You’ve finally secured a sit-down meeting with that promising prospect you’ve been nurturing for what feels like forever. With such a huge opportunity in front of you, how can you maximize your chances of delivering a truly compelling sales pitch?
What if we were to tell you that there are graphic design techniques, backed up by human psychology, to help you be more persuasive? Well ready for it? There are!
We’ve looked through the last fifty pitches we’ve designed for world-class companies and catalogued our favourite tools of temptation. With each we’ve included an explanation of how it works and a before-after to show how the design transforms your message.
We’re excited for you to try some of these in your pitches. Commence the dog and pony show!
1. Set the stage with urgency and opportunity
It’s the start of the pitch, and a great time to anchor the story on something big and motivating. Psychologically speaking, the start of your pitch is a blank slate, ready for you to draw whatever picture you wish. Therefore, it’s an opportunity to open with lofty ambitions of what your prospect can achieve.
From a science perspective, this tactic triggers the Oxytocin trust hormone response, through heightened storytelling, which helps the prospect trust you and your solution.
A further way to weave this visual tactic into your sales pitch is through reframing: If you can bring a fresh perspective on the prospect’s challenges to them, you suddenly have extra momentum to carry them through the pitch to your intended destination.
2. Create an attention-grabbing agenda slide
Agenda slides. Boring filler right? We don’t think so!
We’re big fans of making our agendas as beautiful and digestible as possible. The first goal of design is to make content easy to understand, and applying this to an agenda helps everyone know where they are going.
With a good looking agenda slide you can take some time to take your prospect through it, mapping out your journey together. You can align on expectations, needs and how long you have for the meeting.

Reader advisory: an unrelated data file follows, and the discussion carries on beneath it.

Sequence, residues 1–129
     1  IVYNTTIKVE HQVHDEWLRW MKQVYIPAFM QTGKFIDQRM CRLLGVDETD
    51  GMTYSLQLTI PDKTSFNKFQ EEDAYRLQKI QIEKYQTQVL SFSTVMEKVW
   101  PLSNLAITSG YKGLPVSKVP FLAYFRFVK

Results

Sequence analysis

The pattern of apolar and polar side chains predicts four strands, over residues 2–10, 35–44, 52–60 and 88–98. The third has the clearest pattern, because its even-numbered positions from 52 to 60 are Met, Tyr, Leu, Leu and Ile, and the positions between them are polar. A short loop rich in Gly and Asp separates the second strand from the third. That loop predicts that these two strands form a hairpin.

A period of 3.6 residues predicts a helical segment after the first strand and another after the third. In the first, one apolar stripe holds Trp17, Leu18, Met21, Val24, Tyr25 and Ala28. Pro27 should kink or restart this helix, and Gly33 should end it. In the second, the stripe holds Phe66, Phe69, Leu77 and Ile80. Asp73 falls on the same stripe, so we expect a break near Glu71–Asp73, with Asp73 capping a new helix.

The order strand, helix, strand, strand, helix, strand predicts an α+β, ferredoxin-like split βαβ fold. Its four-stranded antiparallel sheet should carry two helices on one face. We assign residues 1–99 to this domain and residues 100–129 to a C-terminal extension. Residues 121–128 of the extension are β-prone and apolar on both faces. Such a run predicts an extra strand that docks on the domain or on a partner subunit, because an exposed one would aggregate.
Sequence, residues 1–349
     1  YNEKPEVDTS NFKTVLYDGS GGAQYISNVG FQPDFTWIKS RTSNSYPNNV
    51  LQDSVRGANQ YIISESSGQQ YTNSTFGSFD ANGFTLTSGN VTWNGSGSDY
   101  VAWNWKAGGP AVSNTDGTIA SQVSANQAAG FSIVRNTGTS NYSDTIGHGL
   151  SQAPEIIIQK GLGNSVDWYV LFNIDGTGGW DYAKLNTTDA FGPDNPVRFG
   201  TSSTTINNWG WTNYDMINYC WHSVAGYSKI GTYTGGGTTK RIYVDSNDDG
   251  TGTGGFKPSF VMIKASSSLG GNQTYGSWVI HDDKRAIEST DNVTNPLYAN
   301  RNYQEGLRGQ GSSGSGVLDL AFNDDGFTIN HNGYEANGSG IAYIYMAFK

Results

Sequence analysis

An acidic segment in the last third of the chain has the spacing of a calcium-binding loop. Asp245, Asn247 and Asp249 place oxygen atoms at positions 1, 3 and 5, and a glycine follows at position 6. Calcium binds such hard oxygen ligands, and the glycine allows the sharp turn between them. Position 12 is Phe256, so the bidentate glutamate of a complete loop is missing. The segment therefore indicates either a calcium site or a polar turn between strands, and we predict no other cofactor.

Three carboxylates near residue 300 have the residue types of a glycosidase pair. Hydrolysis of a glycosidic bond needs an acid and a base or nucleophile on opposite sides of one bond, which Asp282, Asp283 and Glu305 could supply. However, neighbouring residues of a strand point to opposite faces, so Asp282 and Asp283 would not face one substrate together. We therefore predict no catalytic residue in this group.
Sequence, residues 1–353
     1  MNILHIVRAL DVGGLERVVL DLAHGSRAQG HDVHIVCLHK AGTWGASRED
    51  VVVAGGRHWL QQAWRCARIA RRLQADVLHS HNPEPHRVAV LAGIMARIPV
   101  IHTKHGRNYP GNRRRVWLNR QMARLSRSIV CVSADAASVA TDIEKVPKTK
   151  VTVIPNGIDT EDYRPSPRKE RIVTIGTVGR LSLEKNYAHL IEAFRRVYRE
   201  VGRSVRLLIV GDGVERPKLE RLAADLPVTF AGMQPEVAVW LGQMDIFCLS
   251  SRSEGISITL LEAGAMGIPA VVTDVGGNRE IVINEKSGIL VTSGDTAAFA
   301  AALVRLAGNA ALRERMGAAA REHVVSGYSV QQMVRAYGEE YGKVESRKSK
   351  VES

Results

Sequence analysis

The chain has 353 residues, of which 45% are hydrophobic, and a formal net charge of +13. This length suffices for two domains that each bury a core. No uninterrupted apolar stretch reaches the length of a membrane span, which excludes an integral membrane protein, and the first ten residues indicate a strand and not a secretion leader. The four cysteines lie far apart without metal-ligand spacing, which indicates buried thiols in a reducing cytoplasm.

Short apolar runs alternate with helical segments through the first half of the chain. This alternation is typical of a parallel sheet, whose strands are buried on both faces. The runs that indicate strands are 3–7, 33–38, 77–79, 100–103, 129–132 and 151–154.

3. Bring your prospect’s challenges to front of mind
Ready to build empathy and increase the potency of your pitch in one slide? This tactic uses the visual metaphor of putting your prospect literally into the frame. It has two main aims:
First of all, focusing on your prospect gives them attention and builds feelings of rapport. By demonstrating that you already know some of the challenges they are facing, you trigger trust responses, further helping them open to your proposal.
Secondly, you bring the challenges the prospect is facing to the top of their mind. By walking through each of the challenges they’re feeling you activate those memories. Once re-activated, those memory-neurons will remain in a more heightened state for the rest of the meeting.
4. Visually demonstrate the complexity of the problem
Here’s a chance to unleash your (slightly) diabolical self! This technique portrays the complexity of the prospect’s problem in an ingenious way.
It works like this: we take the complexity of the problem (that we’ll later solve) and translate it into visual complexity. We literally create a high cognitive burden, so your prospect probably feels exhausted just looking at it. That makes it a great design metaphor for the message you’re trying to convey.
Furthermore, this slide again shows how well we understand the problem. This homework translates into showing our competence and integrity, which once again, you guessed it: builds trust.
5. Contrast with the simplicity of the solution